How Minnesota voters got snowed.

How Minnesota voters got snowed.

How Minnesota voters got snowed.

Politics and policy.
Nov. 8 2002 10:36 AM

Wellstone's Ghost

How Minnesota voters got snowed.

7:25 a.m. PT: Two years ago, I saw Al Gore debate George W. Bush in their first clash of the 2000 presidential election. The first impression of most reporters was that Gore had won on points. I agreed but thought Bush had made a more favorable impression as a human being. Neither of those opinions became the consensus, though. The consensus formed around a theory partly validated by Gore and fully promoted by conservative activists: that Gore had shown he was a compulsive liar. He never recovered from that consensus.

Last week, I saw it happen again. I was at Paul Wellstone's memorial service. I saw Rick Kahn, the speaker chosen by Wellstone's family, deliver an election rallying cry instead of a eulogy. I thought it was inappropriate, and I said so. But the consensus that formed around that service—that the whole thing was a crass political rally—was a gross exaggeration. The possibility that that consensus changed the outcome of the election gives me great remorse.

William Saletan William Saletan

Will Saletan writes about politics, science, technology, and other stuff for Slate. He’s the author of Bearing Right.

Wellstone's service was about three and a half hours long. Most of it, as I reported, consisted of poignant tributes to the friends, aides, and family members who died along with Wellstone. Kahn's speech was way out of line, as was the crowd's enthusiastic reaction. Wellstone's sons also crossed the line, but less so. When the time came to review my notes and choose a theme for my story, it was a tough call. I wrote about Kahn and the politicization of the service—I said the event had gradually "turned into" a rally—because it was the aspect that stood out most. The eulogies were dog-bites-man. The electioneering was man-bites-dog. I'm sure other reporters followed the same reasoning.

What I saw on Minneapolis TV and on the Internet the next day was a distillation of that spin. Gone were the accounts of the touching eulogies delivered the night before. All anybody talked about was the electioneering. Dittoheads showed up in Slate's "Fray" and every other political chat room to spread the new message. People in the street who hadn't been to the service began to describe it as an all-out rally. Minnesota Democrats spent the rest of the week apologizing. Their replacement candidate, Walter Mondale, sank in the polls and lost the election.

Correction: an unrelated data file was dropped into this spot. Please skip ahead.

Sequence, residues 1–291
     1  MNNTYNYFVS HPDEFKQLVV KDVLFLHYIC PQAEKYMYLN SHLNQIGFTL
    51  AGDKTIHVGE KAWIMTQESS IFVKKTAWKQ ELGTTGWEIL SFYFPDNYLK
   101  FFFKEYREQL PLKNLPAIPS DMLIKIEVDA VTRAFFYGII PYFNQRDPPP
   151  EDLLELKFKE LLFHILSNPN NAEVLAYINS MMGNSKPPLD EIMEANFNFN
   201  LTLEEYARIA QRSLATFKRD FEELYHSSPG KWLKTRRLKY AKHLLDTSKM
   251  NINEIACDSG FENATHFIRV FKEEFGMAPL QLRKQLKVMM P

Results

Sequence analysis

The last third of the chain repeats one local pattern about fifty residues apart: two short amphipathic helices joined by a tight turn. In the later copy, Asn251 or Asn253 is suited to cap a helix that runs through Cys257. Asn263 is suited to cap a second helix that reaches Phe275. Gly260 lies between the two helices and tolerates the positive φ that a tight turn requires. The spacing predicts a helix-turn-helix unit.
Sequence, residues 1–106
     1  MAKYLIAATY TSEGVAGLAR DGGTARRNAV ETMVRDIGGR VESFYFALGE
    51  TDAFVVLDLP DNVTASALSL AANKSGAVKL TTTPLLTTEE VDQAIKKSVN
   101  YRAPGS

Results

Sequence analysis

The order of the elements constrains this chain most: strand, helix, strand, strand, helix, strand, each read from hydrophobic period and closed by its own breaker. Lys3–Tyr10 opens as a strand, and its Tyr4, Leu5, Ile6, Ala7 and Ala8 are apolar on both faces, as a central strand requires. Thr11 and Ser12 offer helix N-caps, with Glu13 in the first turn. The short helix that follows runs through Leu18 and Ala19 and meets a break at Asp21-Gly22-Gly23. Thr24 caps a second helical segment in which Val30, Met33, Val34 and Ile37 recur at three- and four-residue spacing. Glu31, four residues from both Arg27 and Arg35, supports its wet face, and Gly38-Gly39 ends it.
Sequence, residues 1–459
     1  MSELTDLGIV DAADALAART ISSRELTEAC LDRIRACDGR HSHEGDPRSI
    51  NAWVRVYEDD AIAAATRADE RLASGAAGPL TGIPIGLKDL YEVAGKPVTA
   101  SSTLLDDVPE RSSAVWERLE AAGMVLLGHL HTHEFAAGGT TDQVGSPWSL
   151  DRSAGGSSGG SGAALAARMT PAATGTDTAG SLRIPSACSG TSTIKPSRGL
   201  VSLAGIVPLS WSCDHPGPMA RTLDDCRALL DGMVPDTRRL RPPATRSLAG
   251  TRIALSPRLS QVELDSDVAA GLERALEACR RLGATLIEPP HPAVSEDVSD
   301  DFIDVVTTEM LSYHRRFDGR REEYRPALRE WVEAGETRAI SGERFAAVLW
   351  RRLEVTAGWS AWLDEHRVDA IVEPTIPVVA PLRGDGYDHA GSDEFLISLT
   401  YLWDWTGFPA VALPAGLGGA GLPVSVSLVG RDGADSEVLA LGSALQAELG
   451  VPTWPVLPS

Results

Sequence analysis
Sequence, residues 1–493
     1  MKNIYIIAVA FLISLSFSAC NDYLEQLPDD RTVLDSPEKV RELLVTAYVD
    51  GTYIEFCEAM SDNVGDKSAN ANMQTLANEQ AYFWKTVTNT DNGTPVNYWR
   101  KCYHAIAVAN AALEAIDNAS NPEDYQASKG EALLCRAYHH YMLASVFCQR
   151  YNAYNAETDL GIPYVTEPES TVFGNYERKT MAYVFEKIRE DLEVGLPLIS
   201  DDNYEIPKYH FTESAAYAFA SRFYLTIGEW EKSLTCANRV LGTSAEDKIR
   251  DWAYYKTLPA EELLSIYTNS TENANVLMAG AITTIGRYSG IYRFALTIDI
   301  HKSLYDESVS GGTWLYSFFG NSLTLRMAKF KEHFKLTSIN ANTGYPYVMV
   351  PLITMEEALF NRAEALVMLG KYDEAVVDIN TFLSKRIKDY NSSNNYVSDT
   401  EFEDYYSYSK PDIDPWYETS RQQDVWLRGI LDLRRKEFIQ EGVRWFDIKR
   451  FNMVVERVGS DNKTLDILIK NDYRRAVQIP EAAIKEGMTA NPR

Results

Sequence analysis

Kahn's speech was inappropriate and inconsiderate to the many Republican senators who had come to pay their respects to Wellstone. And there were plenty of legitimate reasons, depending on your political views, to vote against Mondale. I suspect that the Republican who won, Norm Coleman, will be a better senator. But I hope he didn't win because voters thought Wellstone's memorial service was just a political rally. That wasn't a fact. It was a spin job.


Thursday, Nov. 7, 2002  

12:15 p.m. PT: The new Dick has arrived. No, not Dick Nixon. Dick Gephardt. Fresh from managing to lose seats as head of the opposition party in a midterm election, he's quitting as the House Democratic Leader and hinting strongly at a run for president. "I'm looking forward to the freedom to speak for myself and talk about my vision for America's future," he declares. "Staying on [as House Minority Leader] requires me to represent my Caucus and the wide diversity it represents. … It's time for me personally to take a different direction, look at the country's challenge from a different perspective and take on this President and the Republican Party from a different vantage point."

So what's his new perspective? "I want to step out of a day-to-day management role and talk to a broader audience about our nation and our goals for our children," he says. "Ideas that will make our children's lives better: providing health care for all, expanding economic opportunity, supporting world-class education, secure retirements, energy independence, environmental protections, and securing America in a changing world."

And what was the old perspective he had to represent on behalf of his caucus? "As Democrats, we fought for our values--opportunity for all, a more secure America, good and affordable health care, and Social Security and Medicare that is there when you need it," he says. "We fought for a world-class education for our kids."

Let's recap. The old, hamstrung Gephardt was forced to fight for a losing agenda of health care for all, world-class education, secure retirement, and a secure America. The new, authentic Gephardt will fight for an exciting agenda of health care for all, world-class education, secure retirement, and a secure America.